For heart disease patients, depression takes heavy toll

Heart disease patients suffering from depression showed more impairment in their ability to work, socialize, and perform other daily activities than patients who were not depressed, a new study conducted by scientists from the University of Washington, Seattle shows.

The scientists believe depression decreases heart disease patients' ability to function on a daily basis by amplifying their heart disease symptoms and reducing patients' interest in daily activities.

"Since coronary disease ranks behind only musculoskeletal disorders in producing activity limitations and work disability, it is important to monitor patients with coronary disease for both minor and major depression," says Mark Sullivan, M.D., head of the study.

"There has been some debate in the psychiatric literature about whether all minor depression merits treatment," says Sullivan. "Our study suggests that minor depression may be particularly important in patients who have a concurrent medical illness."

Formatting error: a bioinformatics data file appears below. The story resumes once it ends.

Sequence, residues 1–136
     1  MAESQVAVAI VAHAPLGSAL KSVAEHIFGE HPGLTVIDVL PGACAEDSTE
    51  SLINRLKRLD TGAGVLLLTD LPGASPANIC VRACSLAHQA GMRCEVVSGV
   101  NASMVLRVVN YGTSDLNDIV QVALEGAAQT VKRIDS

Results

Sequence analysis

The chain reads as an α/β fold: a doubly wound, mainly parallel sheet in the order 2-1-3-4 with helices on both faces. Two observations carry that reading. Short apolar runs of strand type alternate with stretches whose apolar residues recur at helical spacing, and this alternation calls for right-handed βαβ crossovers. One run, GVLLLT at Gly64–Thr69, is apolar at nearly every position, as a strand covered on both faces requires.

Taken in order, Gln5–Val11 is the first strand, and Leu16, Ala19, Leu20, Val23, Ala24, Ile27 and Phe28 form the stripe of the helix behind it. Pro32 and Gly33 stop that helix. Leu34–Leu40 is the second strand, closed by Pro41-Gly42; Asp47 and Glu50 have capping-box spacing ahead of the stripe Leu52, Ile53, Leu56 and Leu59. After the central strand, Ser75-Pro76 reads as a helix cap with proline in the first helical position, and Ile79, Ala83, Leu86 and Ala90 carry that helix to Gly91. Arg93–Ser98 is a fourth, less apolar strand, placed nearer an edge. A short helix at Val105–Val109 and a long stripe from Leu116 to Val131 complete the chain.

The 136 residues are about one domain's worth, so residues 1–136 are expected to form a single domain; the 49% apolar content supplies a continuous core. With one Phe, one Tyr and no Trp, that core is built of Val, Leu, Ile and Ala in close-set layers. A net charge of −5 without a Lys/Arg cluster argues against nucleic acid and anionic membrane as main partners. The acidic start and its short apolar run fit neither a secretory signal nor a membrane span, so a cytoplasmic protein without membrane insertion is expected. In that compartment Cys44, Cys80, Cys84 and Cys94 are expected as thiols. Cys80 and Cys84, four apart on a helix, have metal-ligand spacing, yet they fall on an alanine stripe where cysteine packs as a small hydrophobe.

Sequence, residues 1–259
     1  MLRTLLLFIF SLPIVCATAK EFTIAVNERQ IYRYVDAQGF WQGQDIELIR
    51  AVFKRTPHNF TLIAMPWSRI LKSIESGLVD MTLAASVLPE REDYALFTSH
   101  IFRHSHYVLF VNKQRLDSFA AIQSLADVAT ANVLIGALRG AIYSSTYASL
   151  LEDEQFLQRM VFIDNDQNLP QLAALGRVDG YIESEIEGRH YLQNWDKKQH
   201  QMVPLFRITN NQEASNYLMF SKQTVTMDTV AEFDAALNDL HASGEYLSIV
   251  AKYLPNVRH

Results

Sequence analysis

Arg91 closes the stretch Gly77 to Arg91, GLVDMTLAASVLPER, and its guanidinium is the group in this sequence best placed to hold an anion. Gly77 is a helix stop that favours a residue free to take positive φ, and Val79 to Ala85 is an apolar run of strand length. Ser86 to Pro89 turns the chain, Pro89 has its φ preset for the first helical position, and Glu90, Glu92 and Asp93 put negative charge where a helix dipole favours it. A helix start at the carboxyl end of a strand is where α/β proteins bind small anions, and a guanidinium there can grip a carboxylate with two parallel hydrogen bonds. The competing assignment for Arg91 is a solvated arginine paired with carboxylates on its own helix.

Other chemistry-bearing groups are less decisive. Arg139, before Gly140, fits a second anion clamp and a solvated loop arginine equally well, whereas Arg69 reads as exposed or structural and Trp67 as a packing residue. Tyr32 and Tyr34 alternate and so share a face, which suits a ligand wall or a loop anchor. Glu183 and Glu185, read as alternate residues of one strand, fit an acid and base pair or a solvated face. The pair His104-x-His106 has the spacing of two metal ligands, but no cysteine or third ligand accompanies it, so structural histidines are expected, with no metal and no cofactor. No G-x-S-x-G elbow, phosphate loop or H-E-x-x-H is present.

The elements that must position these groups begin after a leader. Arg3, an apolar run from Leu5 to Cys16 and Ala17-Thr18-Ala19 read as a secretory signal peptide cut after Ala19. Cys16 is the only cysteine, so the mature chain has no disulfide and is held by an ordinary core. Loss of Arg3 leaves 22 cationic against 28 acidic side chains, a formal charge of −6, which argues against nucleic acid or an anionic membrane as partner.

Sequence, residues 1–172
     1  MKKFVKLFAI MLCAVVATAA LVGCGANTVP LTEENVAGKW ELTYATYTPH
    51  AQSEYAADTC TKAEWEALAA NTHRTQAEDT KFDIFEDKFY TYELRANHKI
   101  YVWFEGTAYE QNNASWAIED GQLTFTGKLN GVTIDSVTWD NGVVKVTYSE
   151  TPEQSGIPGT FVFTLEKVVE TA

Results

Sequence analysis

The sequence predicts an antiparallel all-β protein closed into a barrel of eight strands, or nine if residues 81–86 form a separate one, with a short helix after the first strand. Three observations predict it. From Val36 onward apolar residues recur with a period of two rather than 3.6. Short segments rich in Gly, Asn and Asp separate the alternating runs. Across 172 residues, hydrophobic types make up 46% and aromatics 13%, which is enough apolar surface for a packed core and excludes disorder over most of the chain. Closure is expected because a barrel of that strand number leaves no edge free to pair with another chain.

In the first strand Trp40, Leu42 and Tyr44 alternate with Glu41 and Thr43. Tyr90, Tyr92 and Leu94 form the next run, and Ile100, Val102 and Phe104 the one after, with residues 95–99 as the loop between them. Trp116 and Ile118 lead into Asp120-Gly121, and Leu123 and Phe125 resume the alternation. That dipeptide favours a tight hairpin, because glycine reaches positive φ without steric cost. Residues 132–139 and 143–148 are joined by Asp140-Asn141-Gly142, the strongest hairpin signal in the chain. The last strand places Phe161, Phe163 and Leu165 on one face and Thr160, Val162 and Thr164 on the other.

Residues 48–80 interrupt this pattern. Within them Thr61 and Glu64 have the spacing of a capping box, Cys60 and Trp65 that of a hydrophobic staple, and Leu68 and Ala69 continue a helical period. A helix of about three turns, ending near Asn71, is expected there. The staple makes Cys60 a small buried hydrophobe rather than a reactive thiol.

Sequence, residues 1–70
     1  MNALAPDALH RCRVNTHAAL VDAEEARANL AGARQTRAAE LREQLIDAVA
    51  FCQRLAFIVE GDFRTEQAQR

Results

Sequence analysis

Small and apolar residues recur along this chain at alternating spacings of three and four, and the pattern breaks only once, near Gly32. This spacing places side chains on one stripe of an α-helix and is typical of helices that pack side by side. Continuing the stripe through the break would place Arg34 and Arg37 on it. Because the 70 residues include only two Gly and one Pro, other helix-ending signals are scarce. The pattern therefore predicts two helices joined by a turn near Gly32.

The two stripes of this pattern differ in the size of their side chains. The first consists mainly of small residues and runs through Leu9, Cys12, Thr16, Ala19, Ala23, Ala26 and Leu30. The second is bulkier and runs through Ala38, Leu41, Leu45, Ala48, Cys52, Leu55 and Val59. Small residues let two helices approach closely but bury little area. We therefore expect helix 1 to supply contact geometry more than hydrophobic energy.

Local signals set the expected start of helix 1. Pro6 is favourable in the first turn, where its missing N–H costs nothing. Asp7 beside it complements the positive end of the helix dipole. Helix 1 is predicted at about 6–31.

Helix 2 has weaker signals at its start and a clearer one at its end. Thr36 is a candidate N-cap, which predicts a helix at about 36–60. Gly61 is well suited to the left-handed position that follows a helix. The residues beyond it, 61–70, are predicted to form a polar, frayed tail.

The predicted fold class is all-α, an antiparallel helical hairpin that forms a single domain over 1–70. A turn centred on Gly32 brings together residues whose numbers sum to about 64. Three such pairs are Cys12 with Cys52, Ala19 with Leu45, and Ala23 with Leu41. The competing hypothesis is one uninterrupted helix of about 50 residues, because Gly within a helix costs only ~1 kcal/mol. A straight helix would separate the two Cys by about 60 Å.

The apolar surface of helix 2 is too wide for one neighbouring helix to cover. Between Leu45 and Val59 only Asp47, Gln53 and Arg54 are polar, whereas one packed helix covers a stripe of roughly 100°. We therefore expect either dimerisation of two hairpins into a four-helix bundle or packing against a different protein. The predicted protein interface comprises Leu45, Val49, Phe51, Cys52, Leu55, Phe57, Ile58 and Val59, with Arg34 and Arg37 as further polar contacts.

The researchers followed 157 patients with newly diagnosed coronary artery disease confirmed by angiography. Shortly after diagnosis, nurses interviewed the patients about their symptoms of depression and other mental illness as well as their ability to work and perform other daily activities. These assessments were repeated one year later.

Sullivan and his colleagues found that patients with both major and minor depression were functioning less well one year after diagnosis than were nondepressed patients. Depressed patients also reported more heart disease symptoms. These findings held even after the investigators controlled for the severity of patients' heart disease. The results of the study appear in the July-August issue of Psychosomatics.

Support for the study came from the American Heart Association, the National Institute of Mental Health and the Brookdale Foundation.


Contact: Mark Sullivan, M.D.
Center for the Advancement of Health

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